26. In State of U. P. v. Babu Ram Upadhya (AIR 1961 SC 751) the Supreme Court said:
'The Rules made under the statute are treated for the purpose of construction, as if they were in the enabling Act, and are to be of the same effect as if contained in the Act.'
27. These observations leave no room for doubt that the Rules being part of the Act, the Mines Tribunal did not act illegally in considering the Rules and in determining the amount of dead rent payable by the petitioner.
28. There is yet another way to approach the problem. Proviso to Sub-section (2) of Section 107 of the Act lays down the requirement of determining the terms and conditions in accordance with the Central Act 'for the time being in force'. Now it is settled rule of construction that if there is mere reference to a provision of one statute in another without incorporating it, then, reference would mean the provision of law as it be in force from time to time. Interpreting such an incorporation, the Supreme Court said in Bajya v. Gopikabai, (AIR 1978 SC 793, Para 27) that in such a case it may be presumed that the legislative intent was to include all the subsequent amendments also, made from time to time in the generic law on the subject adopted by general reference. For arriving at this conclusion, the Supreme Court referred to the following passage:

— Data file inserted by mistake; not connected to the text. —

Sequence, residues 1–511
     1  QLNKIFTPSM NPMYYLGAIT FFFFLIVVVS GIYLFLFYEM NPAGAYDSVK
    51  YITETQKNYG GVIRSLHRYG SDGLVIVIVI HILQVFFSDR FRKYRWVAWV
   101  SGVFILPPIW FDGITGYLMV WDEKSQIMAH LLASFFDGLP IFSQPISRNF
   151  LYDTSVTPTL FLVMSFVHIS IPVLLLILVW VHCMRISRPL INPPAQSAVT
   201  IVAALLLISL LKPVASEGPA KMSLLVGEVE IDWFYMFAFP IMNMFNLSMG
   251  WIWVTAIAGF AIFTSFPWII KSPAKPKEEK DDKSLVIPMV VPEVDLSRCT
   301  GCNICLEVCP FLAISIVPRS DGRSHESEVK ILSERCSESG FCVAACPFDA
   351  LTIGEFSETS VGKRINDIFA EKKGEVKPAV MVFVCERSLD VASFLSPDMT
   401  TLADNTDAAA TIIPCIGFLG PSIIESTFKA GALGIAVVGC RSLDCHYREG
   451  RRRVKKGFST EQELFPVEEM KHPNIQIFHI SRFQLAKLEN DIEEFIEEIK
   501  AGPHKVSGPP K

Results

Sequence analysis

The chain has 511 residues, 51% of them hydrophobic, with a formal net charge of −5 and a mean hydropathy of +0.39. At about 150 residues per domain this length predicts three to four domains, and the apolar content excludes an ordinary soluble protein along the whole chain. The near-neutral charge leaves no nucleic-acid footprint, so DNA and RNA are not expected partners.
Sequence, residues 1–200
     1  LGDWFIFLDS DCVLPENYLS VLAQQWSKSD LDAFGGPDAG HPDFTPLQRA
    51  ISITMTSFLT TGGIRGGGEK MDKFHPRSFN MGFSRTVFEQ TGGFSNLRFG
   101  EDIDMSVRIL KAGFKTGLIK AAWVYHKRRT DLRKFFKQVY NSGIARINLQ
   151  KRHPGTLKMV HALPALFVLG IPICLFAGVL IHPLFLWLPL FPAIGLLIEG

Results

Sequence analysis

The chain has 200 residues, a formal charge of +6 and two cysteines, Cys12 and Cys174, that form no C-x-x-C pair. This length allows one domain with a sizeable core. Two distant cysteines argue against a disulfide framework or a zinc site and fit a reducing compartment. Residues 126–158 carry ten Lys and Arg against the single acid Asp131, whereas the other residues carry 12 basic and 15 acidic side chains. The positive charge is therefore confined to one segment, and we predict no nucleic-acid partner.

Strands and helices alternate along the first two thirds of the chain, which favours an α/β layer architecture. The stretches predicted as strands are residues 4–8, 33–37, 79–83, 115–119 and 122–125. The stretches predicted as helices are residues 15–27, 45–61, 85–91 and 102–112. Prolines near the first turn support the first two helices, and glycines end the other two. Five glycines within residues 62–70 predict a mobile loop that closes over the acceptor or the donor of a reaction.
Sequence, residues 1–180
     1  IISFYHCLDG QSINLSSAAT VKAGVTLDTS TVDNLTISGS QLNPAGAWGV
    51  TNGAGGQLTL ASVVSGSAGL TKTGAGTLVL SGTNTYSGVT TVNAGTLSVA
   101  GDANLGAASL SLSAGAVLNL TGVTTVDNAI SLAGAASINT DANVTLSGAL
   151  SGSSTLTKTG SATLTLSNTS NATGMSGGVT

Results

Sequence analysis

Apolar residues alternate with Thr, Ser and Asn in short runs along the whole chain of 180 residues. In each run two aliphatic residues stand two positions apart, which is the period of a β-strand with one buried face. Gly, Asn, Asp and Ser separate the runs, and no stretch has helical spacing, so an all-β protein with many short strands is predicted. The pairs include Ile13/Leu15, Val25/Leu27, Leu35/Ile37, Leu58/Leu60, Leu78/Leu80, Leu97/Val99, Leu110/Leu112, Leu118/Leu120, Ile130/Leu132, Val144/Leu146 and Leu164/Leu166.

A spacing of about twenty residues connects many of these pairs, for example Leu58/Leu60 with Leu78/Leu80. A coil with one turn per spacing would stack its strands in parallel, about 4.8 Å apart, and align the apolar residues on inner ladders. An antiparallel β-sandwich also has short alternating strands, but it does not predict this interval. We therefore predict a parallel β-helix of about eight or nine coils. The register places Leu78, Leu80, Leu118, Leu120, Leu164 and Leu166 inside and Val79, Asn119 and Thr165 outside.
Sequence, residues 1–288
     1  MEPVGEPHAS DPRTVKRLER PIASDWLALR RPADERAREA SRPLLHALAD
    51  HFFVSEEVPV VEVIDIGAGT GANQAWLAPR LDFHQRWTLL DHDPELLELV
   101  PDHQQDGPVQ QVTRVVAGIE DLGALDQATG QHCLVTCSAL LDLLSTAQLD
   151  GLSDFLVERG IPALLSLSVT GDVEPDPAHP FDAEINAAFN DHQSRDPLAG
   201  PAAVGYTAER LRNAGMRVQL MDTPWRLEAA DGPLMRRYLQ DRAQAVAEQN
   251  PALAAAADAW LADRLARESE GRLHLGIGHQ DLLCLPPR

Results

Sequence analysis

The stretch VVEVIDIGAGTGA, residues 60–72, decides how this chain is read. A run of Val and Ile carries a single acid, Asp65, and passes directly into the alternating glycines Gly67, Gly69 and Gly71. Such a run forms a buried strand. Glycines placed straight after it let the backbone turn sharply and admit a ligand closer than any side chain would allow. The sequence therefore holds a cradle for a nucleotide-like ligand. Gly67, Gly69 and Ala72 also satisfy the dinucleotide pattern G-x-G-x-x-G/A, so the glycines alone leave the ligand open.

'A statute which refers to the law of a subject generally adopts the law on the subject as of the time the law is invoked. This will include all the amendments and modifications of the law subsequent to the time the reference statute was enacted'. (Vide Sutherland's Statutory Construction, Third Edition, Art. 5208, P. 5209).